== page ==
I’ve met Howard Junker — the man was silly enough to drink a barely drinkable pint of Pabst Blue Ribbon with me — and I also email him from time to time. He’s a quietly intelligent and friendly gentleman. I also know that he’s outspoken about what he likes and what he doesn’t like. He does this not to be spiteful, but because he cares tremendously about literature. Like any good literary enthusiast, he demands the best out of people. And if that means telling people point-blank that their work isn’t up to snuff, then that’s simply the way that Howard operates.
But for Stephen Elliott, a writer who purports to chronicle misfits and the misunderstood, a remark Junker made at a competitive reading contest was enough to send him over the edge.
Elliott misheard a remark that Junker made concerning Elliott’s “literary merit.” Elliott didn’t come up to Junker or ask for an apology or express his anger or initiate any attempt to clear things up. (As Howard wryly notes, Elliott didn’t even ask to settle things in the alley.) Instead, he threw beer onto Howard Junker, as well as the new owners of the Booksmith — who are also both very kind people. There was no explanation. No effort on Elliott’s part to talk things out.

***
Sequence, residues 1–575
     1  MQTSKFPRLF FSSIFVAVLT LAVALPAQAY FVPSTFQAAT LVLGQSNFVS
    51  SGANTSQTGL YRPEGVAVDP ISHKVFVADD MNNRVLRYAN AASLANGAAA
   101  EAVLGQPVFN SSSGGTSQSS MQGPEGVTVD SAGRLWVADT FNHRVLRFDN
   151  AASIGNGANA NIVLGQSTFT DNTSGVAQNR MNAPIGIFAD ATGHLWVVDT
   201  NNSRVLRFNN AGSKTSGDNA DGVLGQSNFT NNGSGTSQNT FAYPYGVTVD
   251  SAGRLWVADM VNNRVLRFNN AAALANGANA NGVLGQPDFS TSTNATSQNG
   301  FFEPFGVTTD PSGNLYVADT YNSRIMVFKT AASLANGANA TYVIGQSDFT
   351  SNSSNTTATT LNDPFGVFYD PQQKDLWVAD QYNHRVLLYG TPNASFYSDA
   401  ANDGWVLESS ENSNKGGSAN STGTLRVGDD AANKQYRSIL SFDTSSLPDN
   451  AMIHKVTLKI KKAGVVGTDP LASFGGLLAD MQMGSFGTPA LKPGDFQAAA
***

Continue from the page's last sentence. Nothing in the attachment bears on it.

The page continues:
Junker immediately left the room without causing any additional fuss. What was Elliott’s response? “I don’t understand why Junker left that night. I had a shirt in my bag he could have borrowed.”
I realize that Elliott has had a tough life. But this does not justify acting like a boor in the present. Particularly when the target is as understanding a man as Howard Junker. Things did not have to escalate to this level.
As Junker noted, “‘Literary merit’ is not a term I use on my own, and it is certainly not among the criteria I use to judge a man as a man. A man, I feel, should be able to hold his beer. Should be able to take his lumps. Should exhibit courage in the face of adversity. And so on.”
The very least that Elliott owes Junker is an apology. Real men own up to their mistakes.
What Elliott did is far from taking his lumps, far from exhibiting courage, and far from being a gentleman.